When most people think of basketball shoes, oversized and overweight high tops are usually the image. Kobe Bryant, Chris Paul and Kevin Durant have opted for low cut signature shoes the past few years and many more will surely follow as the trending opinion raises concerns that bulky high top basketball shoes reduce the mobility of the ankle (which is a BIG issue in a sport that moves as quickly as basketball), which in turn leads to a joint used for stability (namely the knee) to have to behave in a more mobile manner. If you don't know what that can possibly lead to, ask Rajon Rondo, Derrick Rose, Iman Shumpert, David West, Ricky Rubio, Nerlens Noel, Danilo Gallinari or any of the other dozens of NBA players who have suffered ACL injuries over the past few years. It is a gruesome injury with a long recovery period and is afflicting more players each year.
Most studies done on knee motion when the ankle mobility is restricted show no direct correlation between that and an increased incidence of ACL injury. Studies like this one. And this one. So which is it? Why are so many basketball players all of a sudden been dropping like flies with ACL problems? Have you ever seen Tyson Chandler's legs?
There might lay the answer. Without turning this discussion away from the shoes (too late), when you have a sport that is rapidly increasing in the speed and quickness of the game, you have to proportionately increase the strength of the players lower extremities to compensate for the extra forces exerted onto the joints and ligaments during each jump, landing, turn, juke, Euro-step or crossover. When that sport features nightly lineups full of freakishly tall humans, who often have difficulty with traditional lower body exercises like squats and deadlifts, an increase in knee ligament injuries shouldn't be a big surprise.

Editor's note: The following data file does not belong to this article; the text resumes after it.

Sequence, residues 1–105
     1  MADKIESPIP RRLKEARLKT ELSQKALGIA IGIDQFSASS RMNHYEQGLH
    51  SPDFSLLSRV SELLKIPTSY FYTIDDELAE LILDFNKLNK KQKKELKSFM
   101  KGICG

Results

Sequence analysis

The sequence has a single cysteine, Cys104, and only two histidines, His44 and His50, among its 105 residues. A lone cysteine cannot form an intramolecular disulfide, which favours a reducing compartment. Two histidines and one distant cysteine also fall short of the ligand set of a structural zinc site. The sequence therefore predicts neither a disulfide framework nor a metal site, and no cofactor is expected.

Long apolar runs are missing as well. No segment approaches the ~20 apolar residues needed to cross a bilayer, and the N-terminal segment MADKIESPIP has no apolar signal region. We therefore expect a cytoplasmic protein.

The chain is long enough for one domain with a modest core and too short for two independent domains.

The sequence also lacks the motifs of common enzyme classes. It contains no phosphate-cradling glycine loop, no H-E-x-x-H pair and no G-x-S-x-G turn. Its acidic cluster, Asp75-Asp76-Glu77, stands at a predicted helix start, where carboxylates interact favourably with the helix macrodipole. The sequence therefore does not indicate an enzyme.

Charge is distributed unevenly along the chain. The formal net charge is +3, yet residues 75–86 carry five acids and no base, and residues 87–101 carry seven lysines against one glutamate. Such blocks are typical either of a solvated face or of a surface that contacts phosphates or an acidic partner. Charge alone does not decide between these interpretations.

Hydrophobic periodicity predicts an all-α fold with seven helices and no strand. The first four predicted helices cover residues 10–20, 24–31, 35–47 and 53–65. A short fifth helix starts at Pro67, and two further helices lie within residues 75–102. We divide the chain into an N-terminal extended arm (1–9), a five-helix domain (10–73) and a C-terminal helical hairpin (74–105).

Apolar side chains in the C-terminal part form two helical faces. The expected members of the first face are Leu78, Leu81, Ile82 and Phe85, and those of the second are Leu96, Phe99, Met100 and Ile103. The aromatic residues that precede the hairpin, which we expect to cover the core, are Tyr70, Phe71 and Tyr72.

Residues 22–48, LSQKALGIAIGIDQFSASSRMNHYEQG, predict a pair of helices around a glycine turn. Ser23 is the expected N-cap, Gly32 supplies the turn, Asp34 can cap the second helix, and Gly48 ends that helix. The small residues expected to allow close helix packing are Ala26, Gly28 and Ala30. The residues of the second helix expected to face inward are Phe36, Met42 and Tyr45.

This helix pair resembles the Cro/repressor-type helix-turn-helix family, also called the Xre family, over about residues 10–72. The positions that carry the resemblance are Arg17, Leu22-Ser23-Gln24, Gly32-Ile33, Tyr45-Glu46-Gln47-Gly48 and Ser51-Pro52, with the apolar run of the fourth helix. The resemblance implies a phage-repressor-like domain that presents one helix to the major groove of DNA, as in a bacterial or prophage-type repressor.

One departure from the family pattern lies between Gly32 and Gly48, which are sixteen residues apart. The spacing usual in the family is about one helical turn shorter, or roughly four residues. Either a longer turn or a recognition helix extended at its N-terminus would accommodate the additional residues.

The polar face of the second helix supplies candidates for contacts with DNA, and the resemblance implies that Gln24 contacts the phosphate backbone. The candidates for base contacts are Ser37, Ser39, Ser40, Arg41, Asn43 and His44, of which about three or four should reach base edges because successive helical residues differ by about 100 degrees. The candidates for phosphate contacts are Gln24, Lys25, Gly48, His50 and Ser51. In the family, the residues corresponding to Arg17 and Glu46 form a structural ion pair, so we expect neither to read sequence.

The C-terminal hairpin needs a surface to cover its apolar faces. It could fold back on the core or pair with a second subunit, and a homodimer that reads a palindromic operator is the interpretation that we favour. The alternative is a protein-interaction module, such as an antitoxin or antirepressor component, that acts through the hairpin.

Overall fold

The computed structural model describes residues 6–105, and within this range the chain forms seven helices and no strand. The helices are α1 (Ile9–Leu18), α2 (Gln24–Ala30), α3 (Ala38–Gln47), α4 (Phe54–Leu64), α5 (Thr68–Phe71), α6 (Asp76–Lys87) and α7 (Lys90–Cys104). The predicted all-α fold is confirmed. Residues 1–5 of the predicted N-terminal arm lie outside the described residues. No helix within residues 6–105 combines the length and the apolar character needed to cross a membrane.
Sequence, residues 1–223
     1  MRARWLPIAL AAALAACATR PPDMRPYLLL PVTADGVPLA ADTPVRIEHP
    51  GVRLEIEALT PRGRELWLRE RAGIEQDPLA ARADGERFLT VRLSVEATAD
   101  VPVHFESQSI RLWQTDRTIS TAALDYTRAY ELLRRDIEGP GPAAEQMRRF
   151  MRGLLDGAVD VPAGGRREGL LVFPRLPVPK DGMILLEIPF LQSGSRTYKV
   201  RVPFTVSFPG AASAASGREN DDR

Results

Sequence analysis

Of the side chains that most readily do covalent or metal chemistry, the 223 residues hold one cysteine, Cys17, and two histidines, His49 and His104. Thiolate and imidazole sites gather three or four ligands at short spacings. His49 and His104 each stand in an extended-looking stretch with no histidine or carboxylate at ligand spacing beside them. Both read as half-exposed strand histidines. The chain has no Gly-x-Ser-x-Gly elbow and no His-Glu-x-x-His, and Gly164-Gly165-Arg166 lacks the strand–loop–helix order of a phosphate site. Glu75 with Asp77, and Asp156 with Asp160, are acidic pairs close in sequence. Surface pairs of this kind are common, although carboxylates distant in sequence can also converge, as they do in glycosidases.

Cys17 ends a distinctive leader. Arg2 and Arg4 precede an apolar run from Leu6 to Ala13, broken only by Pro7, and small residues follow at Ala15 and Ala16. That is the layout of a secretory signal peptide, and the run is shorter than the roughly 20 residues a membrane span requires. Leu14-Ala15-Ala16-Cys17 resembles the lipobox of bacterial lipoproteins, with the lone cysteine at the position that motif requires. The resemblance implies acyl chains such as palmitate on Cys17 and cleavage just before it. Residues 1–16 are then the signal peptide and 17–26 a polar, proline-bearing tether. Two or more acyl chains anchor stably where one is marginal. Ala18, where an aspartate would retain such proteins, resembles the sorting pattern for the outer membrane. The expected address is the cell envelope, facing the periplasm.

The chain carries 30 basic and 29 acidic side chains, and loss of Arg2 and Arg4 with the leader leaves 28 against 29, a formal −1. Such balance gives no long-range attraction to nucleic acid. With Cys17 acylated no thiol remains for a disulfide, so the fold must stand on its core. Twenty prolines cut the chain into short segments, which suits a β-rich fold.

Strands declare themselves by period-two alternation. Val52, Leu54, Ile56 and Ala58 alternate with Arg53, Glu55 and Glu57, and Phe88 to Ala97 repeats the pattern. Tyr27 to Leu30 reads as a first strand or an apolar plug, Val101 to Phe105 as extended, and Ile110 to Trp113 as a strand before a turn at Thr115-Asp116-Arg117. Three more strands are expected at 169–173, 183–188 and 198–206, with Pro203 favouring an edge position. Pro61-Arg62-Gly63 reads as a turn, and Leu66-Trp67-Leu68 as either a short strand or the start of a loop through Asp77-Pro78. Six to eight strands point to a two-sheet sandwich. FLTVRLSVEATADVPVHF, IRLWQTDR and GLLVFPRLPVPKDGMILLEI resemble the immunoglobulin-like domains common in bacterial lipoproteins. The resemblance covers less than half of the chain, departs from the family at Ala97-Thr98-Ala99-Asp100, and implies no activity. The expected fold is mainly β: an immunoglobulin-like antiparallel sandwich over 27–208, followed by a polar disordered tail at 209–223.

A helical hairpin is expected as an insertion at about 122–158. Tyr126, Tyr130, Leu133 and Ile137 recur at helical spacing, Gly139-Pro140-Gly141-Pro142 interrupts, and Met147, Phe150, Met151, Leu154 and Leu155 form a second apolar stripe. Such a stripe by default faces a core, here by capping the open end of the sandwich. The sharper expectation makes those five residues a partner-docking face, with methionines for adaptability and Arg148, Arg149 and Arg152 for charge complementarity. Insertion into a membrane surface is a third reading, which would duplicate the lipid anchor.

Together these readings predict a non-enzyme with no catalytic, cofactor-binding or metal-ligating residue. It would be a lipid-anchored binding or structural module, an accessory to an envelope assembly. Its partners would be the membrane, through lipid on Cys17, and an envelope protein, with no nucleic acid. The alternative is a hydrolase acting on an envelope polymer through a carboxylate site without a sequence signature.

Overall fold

So as the game gets faster and quicker, players are likely going to look to adapt in ways in addition to their strength and conditioning programs to reduce the probability (you can never really prevent) of an ACL tear happening to them. Is a switch back to a low cut shoe the answer? Likely not. And then if not, is using different technologies to increase stability while decreasing weight, as well as thinner material over the ankle going to help? Maybe. Better strength and conditioning programs to emphasize lower body strength and stability? Probably. Regardless, this is a perfect example of how the fashion industry is not only focusing on athletic inspired gear with a fashionable slant, but pushing the boundaries of performance while doing so. With the new Kobe 9 Elite, a whole new silhouette is created, and in addition it has Flyknit, Lunarlon and Flywire integration. It's sorta cool, yet sorta hideous from a fashion standpoint but with maybe just enough cool to stick. And if they weigh anything near what the Kobe 8's weigh (9.6 oz vs 8.4 oz for the Flyknit Trainer. The LeBron 11 is 14.5 oz. That's a damn light shoe.) they'll be in a class of their own.
They also are releasing a lo cut, which will be the main version I assume, but if the Elite takes off and players like the feel and consumers like the look, there will surely not only be plenty of colorways to follow but plenty of similar options popping up from the competition. Surely, with ACL injury prevention being heralded at the forefront...rightly so or not.